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To Build a Knee: Done Right, It's Fast, Safe, and Effective

U.S.News & World Report—July 15, 2007

These days, people in their 50s and even younger are discovering that the athletic sins of their youth have made them candidates for knee replacement. Not long ago considered a remedy mainly for old people whose elderly joints are crippled by arthritis, new knees increasingly are finding their way into aging baby boomers. After jogging, skiing, and hitting the tennis courts for decades, many find that knee injuries they sustained in their 20s and 30s—remember that torn anterior cruciate ligament?—may have damaged the cartilage that protects their bones from rubbing against each other, setting the stage for early arthritis.

Dr. Steven Haas with a patient.

About half a million knees a year are being replaced, far more than any other joint. The procedure is straightforward. The orthopedic surgeon removes up to half an inch from the bottom end of the femur (thighbone) and top end of the tibia (shinbone), fits them with sturdy metal or ceramic caps, and snaps a high-density plastic cushion between the two as substitute cartilage. Some patients are back on the golf course within two months. Doctors discourage joint-jarring activities like jogging, volleyball, or singles tennis for patients with artificial knees, but many people can and do safely return to favorite activities like hiking, biking, and even doubles tennis.

The operation should be carried out only at a facility where it has become routine.  Hospital for Special Surgery in New York City performed some 2,500 knee replacements in 2006. Steven Haas, M.D., MPH, chief of the knee service, needs a little more than an hour for a minimally invasive version done through a small incision. Knee replacement can bring an end to years of crippling pain. "Ninety-five percent of the people I treat feel much better after having surgery," he says. "How great is that?"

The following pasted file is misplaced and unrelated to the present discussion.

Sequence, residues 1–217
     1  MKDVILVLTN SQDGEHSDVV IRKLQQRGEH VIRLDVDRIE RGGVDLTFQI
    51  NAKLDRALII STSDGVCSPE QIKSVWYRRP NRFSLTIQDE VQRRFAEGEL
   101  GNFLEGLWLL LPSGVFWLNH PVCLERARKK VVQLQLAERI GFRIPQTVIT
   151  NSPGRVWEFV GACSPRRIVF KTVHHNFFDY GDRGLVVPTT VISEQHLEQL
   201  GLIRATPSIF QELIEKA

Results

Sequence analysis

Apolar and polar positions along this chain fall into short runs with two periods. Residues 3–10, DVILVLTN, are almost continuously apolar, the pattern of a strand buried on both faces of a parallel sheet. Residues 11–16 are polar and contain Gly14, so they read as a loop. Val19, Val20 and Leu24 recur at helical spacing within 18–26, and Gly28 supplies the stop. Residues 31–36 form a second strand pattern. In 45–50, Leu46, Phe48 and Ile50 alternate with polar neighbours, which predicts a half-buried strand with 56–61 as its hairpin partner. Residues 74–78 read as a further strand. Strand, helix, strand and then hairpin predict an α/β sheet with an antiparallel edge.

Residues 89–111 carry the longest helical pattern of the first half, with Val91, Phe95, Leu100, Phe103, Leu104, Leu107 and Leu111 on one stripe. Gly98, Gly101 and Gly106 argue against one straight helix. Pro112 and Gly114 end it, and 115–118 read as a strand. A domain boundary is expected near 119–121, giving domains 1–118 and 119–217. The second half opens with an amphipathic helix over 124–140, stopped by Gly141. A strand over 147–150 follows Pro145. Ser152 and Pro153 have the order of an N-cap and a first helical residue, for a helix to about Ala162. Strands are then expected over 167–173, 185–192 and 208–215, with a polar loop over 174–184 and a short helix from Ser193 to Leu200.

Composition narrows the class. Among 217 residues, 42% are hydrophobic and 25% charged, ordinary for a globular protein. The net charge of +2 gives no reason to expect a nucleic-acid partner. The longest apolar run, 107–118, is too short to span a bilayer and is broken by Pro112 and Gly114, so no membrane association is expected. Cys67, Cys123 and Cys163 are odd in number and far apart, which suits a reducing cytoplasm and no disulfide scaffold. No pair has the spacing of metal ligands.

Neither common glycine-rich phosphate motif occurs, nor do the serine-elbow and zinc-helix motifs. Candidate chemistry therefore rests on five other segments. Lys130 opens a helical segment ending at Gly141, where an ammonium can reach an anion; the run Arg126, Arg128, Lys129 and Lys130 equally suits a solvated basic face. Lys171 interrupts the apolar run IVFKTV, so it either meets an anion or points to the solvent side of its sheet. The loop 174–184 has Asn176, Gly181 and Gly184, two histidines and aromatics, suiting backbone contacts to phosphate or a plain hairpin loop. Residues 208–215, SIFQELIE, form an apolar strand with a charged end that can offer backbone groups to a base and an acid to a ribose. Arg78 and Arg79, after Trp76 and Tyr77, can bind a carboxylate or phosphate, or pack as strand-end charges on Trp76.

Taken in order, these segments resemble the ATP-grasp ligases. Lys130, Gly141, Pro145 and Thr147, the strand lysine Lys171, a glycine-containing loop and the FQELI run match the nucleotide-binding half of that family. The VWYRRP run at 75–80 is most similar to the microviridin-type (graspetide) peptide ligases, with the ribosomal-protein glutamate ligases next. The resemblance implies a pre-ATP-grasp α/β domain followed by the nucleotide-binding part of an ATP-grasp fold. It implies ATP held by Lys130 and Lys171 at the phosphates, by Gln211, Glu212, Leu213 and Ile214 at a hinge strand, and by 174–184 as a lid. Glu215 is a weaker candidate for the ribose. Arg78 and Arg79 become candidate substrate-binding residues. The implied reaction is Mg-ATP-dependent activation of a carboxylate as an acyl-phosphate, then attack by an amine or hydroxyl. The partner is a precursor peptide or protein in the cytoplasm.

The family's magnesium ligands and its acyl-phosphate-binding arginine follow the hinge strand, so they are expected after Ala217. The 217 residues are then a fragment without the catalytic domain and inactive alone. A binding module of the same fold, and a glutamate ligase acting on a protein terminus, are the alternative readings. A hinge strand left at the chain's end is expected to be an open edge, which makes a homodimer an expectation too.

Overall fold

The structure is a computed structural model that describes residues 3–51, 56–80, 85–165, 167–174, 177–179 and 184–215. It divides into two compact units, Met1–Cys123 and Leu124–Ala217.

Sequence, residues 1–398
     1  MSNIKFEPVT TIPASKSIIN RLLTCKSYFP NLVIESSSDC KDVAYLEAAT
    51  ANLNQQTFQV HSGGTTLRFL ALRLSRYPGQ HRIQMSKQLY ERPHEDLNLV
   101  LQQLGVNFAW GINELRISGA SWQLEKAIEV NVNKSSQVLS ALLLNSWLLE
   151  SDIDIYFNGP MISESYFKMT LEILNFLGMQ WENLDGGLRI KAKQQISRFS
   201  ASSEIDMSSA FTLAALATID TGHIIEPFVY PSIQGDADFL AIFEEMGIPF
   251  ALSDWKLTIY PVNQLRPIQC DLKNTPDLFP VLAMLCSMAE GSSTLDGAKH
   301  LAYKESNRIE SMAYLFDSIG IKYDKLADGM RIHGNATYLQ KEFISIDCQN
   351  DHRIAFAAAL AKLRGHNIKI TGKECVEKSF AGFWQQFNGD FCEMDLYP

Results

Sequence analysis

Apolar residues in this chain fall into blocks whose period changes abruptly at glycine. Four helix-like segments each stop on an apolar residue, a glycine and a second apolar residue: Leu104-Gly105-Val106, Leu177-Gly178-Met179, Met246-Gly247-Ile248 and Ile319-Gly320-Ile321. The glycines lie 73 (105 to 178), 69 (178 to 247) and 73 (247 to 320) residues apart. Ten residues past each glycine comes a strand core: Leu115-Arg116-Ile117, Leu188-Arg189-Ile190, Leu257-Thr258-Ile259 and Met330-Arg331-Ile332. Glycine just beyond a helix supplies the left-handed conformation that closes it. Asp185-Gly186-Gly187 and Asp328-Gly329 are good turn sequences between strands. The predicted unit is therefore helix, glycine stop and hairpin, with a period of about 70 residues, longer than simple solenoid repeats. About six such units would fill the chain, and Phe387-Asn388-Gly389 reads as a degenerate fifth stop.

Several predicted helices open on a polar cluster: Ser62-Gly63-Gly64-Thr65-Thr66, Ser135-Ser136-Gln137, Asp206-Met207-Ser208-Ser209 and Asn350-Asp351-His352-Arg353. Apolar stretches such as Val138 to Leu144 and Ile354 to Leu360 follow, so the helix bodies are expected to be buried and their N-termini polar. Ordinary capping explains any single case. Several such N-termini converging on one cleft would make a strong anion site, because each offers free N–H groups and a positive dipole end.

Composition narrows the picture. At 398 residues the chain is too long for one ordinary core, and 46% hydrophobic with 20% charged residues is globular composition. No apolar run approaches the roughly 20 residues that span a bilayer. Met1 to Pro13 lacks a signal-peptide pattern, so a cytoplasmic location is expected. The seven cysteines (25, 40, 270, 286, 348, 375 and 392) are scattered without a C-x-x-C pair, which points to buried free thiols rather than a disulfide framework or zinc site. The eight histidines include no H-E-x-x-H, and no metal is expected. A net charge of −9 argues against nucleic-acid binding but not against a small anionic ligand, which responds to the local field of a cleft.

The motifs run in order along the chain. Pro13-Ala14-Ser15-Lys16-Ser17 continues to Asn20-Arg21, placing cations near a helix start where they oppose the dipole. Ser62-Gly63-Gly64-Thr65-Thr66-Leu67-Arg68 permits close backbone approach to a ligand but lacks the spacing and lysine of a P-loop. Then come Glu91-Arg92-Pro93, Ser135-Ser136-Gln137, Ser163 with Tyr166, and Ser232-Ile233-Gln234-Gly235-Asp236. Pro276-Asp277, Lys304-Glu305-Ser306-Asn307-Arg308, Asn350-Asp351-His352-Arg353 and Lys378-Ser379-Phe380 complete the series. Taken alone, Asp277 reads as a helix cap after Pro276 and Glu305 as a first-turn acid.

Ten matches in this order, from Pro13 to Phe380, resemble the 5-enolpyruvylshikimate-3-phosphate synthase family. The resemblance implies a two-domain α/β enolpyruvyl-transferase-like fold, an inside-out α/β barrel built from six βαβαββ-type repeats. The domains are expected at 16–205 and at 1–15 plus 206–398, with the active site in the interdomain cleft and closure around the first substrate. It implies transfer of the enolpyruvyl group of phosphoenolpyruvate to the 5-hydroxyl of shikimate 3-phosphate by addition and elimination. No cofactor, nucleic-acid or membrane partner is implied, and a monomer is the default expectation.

Something in the Way They Move

Shinbone to knee bone, knee bone to thighbone. The arrangement of the parts is poetic, but their performance, for some people, can be less than lyrical. At Hospital for Special Surgery's Leon Root, M.D. Motion Analysis Laboratory, experts evaluate movement and muscle patterns. The information helps physicians decide the kind of clinical intervention—surgery, physical therapy, or a brace, for example—that will best address a particular patient's structural difficulties.

A free-standing slab of concrete 2 feet thick with 10 cameras mounted along its inner perimeter is the lab's nerve center. It rests on dirt, and there is no connection to the building, so vibrations that might interfere with the tests are damped out.

The cameras record patients' movements from reflective markers attached to their bodies and relay the information to computers that analyze in three dimensions how their joints bend as they walk or climb stairs, for example, and whether their muscles are contracting as they should. The patients who come here and the conditions they bring are as different as a child with cerebral palsy and a baseball player with a shoulder injury.

As would be expected, the lab is also a research tool, but a practical one. In one current project, researchers are analyzing gait and muscle strength in knee replacement patients who had either traditional open surgery or minimally invasive surgery. "The hope is that not only is there a smaller scar with minimally invasive surgery but that there's a return to normal function more quickly," says Howard Hillstrom, Ph.D., director of the lab. Less pain, more gain.


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